2. Timothy Barnes (referenced below, 1982, p 31) noted that he was named as Diocles in an Egyptian papyrus of 7th March 285 AD (i.e. after his initial acclamation as Augustus in November 284 AD but before his victory over Carinus in the following year).  Nenad Cambi (referenced below) expands this by recording the name in this source (referenced as P. Oxy. XLII 3055) should be transcribed as Gaius Valerius Diocles.

  3. By the time of his first coins struck for him in Rome shortly thereafter, the name Diocles had been Latinised to Diocletianus.

Nenad Cambi (referenced below) deduced that Diocletian’s original name must have been Diocletius, and suggested that he had adopted the Greek form when he enlisted in the army.  Cambi also suggested a way in which Diocletian might have acquired the praenomen Gaius and the cognomen Valerius: since the “Epitome De Caesaribus” (above) asserts that he was “a freedman of the senator Anulinus”, it could be that ‘Gaius Valerius’ had been Anulinus’ praenomen and cognomen.  However, all that can be said with certainty is that Diocletian inherited or acquired (whether by accident or design) a cognomen that harked back to the gens Valeria, one of the most ancient and most celebrated families of Rome.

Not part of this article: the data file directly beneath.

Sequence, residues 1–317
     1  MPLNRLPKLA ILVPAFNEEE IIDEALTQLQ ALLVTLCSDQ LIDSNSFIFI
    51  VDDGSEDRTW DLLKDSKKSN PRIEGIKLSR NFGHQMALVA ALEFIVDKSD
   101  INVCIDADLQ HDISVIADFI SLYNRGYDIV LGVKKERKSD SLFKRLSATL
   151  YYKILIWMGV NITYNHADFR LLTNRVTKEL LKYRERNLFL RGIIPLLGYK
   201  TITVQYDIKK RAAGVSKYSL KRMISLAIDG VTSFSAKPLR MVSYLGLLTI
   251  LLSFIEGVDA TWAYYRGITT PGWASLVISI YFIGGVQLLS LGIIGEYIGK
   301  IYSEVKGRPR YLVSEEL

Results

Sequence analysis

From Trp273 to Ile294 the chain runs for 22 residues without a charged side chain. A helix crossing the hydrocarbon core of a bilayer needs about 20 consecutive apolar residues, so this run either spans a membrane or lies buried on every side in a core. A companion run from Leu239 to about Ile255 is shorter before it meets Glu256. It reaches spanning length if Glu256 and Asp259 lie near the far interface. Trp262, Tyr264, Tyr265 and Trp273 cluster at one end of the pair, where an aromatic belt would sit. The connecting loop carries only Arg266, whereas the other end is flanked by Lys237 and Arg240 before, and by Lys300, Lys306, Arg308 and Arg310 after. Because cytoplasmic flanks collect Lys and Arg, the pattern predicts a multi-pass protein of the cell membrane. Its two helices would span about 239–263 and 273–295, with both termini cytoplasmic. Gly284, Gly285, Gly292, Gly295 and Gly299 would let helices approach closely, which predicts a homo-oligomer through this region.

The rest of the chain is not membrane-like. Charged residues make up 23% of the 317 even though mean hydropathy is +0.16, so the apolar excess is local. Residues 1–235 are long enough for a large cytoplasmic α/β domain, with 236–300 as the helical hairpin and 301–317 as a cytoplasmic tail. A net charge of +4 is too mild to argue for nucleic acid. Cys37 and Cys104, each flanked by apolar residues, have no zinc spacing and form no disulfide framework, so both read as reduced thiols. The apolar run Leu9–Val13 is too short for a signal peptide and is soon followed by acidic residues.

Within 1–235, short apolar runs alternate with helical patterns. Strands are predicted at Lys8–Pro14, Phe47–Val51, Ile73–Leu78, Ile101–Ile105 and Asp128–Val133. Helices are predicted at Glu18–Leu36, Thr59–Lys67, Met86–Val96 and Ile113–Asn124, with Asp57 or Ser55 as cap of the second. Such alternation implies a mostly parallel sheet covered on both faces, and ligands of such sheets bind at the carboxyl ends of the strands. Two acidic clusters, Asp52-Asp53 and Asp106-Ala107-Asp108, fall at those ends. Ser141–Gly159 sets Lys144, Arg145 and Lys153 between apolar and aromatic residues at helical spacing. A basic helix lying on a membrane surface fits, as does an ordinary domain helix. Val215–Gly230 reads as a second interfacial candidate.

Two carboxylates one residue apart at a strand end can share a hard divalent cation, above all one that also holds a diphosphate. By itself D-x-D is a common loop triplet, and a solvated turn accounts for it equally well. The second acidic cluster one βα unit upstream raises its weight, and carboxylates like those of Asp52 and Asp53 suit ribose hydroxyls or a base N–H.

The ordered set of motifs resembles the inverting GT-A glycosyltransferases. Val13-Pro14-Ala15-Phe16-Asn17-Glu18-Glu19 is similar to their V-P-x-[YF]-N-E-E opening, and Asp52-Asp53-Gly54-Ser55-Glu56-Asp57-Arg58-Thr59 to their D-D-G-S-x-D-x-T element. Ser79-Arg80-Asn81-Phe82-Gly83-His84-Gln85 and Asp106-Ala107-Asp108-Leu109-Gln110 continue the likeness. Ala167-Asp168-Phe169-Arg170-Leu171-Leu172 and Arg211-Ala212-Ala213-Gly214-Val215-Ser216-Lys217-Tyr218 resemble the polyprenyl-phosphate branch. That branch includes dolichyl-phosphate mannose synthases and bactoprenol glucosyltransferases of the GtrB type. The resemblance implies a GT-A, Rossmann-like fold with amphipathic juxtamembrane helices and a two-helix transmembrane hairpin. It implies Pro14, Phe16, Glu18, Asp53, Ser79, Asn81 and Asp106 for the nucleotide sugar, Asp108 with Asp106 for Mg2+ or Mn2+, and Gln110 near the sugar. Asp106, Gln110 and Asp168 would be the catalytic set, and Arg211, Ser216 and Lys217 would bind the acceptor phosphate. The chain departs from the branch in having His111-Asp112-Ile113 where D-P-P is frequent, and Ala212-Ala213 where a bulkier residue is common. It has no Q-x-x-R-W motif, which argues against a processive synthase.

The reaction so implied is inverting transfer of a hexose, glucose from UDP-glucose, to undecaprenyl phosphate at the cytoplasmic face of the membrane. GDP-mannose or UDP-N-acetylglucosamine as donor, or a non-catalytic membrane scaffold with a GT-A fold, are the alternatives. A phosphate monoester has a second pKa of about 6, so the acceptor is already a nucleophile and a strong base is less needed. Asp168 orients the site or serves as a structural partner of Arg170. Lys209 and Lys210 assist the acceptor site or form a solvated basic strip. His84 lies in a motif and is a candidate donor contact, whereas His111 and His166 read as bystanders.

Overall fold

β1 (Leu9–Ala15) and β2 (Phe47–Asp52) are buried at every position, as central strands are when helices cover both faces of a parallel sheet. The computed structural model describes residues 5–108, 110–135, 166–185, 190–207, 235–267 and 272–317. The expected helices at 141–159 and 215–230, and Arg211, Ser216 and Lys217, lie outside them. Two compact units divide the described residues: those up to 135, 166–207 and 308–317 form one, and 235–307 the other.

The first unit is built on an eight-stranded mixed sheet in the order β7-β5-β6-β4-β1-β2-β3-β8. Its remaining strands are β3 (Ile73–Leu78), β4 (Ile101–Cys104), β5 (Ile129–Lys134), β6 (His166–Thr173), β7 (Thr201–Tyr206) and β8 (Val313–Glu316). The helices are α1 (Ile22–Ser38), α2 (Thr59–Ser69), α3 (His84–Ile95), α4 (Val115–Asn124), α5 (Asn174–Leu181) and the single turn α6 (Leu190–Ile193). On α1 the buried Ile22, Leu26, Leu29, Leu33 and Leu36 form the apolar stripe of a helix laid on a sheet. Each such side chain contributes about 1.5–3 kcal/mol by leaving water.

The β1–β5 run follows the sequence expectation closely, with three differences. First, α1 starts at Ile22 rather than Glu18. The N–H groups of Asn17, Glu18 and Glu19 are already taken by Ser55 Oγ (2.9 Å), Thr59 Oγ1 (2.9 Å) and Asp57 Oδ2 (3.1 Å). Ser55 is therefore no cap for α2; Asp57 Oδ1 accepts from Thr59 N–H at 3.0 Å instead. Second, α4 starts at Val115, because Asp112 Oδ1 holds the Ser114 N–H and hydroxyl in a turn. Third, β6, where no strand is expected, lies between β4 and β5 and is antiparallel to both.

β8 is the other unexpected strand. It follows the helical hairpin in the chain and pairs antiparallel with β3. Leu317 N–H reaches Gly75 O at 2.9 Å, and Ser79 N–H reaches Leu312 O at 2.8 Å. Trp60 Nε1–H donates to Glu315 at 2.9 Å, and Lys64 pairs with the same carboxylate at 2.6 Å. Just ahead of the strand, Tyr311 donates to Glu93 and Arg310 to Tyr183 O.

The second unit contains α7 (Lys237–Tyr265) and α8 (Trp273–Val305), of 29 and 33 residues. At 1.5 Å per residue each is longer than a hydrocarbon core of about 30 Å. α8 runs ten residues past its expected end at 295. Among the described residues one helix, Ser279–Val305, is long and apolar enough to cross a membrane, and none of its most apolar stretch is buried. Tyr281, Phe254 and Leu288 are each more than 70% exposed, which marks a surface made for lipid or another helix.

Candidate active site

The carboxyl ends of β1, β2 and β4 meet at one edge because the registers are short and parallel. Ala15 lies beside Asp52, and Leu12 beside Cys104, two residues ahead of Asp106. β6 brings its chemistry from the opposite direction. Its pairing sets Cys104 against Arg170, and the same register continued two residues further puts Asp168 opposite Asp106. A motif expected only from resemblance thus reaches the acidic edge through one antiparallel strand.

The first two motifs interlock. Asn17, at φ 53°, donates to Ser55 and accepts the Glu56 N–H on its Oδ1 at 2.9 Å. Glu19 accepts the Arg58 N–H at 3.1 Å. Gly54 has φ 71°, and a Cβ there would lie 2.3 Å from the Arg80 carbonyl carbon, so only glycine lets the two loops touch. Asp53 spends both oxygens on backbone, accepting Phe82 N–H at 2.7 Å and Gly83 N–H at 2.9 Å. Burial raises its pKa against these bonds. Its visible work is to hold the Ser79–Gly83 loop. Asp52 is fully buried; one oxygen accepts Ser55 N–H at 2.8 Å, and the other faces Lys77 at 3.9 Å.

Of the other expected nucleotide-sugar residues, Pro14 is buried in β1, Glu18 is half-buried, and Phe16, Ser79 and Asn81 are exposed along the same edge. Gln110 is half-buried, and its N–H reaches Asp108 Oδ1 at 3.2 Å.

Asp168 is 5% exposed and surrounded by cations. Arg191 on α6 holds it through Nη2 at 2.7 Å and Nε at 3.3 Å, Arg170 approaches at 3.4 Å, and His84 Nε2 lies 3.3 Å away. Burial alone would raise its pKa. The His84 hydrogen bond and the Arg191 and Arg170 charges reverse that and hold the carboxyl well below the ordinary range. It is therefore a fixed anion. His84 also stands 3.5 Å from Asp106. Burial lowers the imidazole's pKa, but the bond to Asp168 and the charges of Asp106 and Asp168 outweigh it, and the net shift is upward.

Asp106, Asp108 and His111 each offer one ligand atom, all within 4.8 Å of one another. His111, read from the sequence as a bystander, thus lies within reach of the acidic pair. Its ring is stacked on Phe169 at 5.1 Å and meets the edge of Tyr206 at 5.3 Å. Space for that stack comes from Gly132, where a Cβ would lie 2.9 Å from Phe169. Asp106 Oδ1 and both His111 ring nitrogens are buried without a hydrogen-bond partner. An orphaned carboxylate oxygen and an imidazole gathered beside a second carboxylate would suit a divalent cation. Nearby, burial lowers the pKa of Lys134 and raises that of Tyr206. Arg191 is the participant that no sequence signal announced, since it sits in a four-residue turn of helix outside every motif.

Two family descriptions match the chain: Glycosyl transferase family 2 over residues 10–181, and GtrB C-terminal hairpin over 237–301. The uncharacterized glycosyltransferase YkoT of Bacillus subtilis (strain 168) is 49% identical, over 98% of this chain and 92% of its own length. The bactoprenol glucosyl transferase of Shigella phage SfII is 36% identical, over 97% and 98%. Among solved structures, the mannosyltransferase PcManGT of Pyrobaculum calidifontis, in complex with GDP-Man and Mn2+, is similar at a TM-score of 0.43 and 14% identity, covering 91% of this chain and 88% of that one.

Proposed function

Diocletian’s Praetorian Prefects

It is clear that Carus had appointed a college of two Praetorian Prefects:

  1. Aper, who had travelled with Carus himself on the Persian campaign and who had continued in this office under Numerian (who was his son-in-law) after Carus’ death; and

  2. Aurelius Aristobulus (above), who had served Carinus in the west, and who might have replaced Sabinus Julianus (above) in this post in late 284 AD. 

Diocletian certainly followed the policy of appointing two Praetorian Prefects from ca. 286 AD (as discussed on the following page).  he might well have done so before:

  1. It seems reasonable to assume that, following his acclamation and the execution of Aper in November 284 AD, he appointed his first Praetorian Prefect.  An argument is made on the following page that this might well have been Afranius Hannibalianus.